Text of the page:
Wednesday, June 5, 2013

The Unspeakable Pleasure

  from http://www.questia.com/library/1G1-58835601/the-unspeakable-pleasure-a-study-of-human-cruelty

Kaunas, Lithuania, June 27, 1941, around 11 a.m.

From the report of a German army officer:
"While I was traveling through the town, I went past a gasoline station which was surrounded by a dense crowd of people. There was a large number of women in the crowd and they had lifted up their children or stood them on chairs or boxes so that they could see better. At first I thought this must be a victory celebration or some type of sporting event because of the cheering, clapping, and laughter that kept breaking out. However, when I inquired what was happening, I was told that the "Death-Dealer of Kovno" was at work. ... I became witness to probably the most frightful event that I had seen during the course of two world wars." 

"A blond man of medium height, aged about twenty-five, stood leaning on a wooden club, resting. At his feet lay about fifteen to twenty dead or dying people. Water flowed continuously from a hose washing blood away into the drainage gully. Just a few steps behind this man some twenty men, guarded by armed civilians, stood waiting for their cruel execution in silent submission. In response to a cursory wave the next man stepped forward silently and was then beaten to death with the wooden club in the most bestial manner, each blow accompanied by enthusiastic shouts from the audience."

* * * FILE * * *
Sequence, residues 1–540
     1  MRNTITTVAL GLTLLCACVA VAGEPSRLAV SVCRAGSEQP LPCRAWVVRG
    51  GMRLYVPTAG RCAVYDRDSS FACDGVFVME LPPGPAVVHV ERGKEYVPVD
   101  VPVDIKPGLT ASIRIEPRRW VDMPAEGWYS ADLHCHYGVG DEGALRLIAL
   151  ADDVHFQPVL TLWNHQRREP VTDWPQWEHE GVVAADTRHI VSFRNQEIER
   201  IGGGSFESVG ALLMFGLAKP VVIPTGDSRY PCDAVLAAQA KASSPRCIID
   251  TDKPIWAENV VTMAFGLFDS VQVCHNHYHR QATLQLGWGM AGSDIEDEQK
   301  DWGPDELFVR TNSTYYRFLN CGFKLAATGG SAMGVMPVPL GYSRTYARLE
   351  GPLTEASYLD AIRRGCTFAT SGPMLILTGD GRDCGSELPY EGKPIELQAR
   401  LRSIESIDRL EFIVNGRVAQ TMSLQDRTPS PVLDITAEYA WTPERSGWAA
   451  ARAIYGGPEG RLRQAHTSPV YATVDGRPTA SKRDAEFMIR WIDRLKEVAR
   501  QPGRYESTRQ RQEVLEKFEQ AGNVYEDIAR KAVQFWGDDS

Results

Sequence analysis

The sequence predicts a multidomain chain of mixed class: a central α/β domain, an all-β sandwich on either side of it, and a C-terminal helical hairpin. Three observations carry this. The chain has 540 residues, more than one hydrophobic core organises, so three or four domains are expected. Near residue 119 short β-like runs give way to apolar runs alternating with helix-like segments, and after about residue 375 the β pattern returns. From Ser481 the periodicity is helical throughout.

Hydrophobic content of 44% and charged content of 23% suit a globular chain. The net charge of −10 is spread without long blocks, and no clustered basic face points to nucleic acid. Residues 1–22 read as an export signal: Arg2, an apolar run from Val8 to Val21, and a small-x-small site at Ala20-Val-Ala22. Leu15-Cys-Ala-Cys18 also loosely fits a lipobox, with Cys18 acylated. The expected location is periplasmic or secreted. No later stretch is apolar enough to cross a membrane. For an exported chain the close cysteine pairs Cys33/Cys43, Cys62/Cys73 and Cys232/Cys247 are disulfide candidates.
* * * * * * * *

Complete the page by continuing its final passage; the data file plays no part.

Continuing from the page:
The report of a photographer who was present:

"Within three-quarters of an hour he had beaten to death the entire group of 45 to 50 people in this way ... After the entire group had been beaten to death, the young man put the club to one side, fetched an accordion and went and stood on the mountain of corpses and played the Lithuanian national anthem. ... The behavior of the civilians present (women and children) was unbelievable. After each man had been killed they began to clap. ... In the front row there were women with children in their arms who stayed there right until the end of the whole proceedings."

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